Dead killer whale found off the North Coast of B.C.

Marine researchers performed a necropsy off Dundas Island to determine death of the young orca

A dead female killer whale was lifted out of the water for a necropsy near Dundas Island. (Fisheries and Oceans Canada)

A dead female killer whale was lifted out of the water for a necropsy near Dundas Island. (Fisheries and Oceans Canada)

On May 30, a young female killer whale washed up on the shore of Dundas Island.

Lara Sloan of Fisheries and Oceans Canada (DFO) said the initial necropsy revealed no obvious cause of death and no physical trauma.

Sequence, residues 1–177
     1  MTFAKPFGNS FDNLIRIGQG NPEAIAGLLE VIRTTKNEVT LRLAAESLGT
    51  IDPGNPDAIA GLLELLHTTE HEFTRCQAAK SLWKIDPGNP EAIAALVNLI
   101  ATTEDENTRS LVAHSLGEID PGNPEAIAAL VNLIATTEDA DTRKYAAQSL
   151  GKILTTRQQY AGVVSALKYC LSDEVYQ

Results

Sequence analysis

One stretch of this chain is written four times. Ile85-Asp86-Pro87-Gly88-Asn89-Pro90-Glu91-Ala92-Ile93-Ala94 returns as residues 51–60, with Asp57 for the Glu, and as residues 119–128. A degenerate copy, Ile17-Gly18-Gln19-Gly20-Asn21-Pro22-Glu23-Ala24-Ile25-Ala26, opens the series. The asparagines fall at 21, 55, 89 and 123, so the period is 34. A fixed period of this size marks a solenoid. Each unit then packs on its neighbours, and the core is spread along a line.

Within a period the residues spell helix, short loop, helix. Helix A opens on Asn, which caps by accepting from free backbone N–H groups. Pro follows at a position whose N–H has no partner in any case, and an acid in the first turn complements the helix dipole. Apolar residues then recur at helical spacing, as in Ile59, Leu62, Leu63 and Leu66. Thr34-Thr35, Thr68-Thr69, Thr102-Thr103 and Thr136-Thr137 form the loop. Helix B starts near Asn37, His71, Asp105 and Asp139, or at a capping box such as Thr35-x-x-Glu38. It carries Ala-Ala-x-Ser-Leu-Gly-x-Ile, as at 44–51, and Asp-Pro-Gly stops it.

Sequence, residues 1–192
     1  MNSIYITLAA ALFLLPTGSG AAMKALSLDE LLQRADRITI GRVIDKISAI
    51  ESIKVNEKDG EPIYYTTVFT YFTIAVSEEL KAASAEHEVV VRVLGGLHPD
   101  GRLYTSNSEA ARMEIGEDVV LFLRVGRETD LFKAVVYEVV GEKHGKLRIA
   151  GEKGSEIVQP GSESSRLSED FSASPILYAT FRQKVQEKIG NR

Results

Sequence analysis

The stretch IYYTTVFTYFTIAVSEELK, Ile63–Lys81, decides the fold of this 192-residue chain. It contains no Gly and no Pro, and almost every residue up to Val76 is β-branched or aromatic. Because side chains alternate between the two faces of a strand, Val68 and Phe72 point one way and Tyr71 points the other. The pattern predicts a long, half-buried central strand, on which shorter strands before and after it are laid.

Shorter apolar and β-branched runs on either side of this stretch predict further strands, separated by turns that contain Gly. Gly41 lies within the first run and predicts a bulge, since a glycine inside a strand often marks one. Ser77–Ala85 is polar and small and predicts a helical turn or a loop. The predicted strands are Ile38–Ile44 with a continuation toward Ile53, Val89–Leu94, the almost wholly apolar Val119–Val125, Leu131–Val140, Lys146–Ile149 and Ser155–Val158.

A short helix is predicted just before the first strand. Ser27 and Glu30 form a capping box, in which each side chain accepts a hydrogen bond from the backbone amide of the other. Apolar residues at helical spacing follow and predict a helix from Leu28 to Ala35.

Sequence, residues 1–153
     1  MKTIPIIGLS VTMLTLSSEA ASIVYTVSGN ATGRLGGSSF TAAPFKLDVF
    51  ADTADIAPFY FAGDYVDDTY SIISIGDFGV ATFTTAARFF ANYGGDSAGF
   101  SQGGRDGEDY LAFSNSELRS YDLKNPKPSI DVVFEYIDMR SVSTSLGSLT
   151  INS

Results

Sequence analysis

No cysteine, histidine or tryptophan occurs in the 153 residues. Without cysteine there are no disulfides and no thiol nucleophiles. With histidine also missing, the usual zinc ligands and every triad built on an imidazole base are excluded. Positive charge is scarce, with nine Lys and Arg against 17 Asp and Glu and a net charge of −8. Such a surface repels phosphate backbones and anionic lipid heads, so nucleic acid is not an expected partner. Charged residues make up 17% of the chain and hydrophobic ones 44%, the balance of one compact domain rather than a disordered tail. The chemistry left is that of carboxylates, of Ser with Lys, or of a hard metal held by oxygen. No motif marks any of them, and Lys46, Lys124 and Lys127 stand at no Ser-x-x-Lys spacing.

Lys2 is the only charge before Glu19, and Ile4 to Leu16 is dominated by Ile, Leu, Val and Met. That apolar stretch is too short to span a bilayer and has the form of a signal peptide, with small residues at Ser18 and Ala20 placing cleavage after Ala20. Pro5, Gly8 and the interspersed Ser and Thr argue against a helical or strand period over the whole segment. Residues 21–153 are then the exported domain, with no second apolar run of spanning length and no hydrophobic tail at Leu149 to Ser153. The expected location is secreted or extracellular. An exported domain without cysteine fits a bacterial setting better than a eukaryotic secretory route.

READ MORE: Northern resident killer whale numbers reach record high

Dr. Steven Raverty, the marine mammal expert veterinarian pathologist for the province, performed the necropsy. He sent samples away for DNA analysis to determine whether the killer whale was a northern or southern resident. More testing for the young whale’s cause of death will be done with collected samples, and marine researchers hope to find results in the next few weeks.

Sloan said DFO normally gets two or three reports of dead killer whales found in the Pacific region each year.

READ MORE: Orca found at Copper Day was a northern resident: DFO



keili.bartlett@thenorthernview.com

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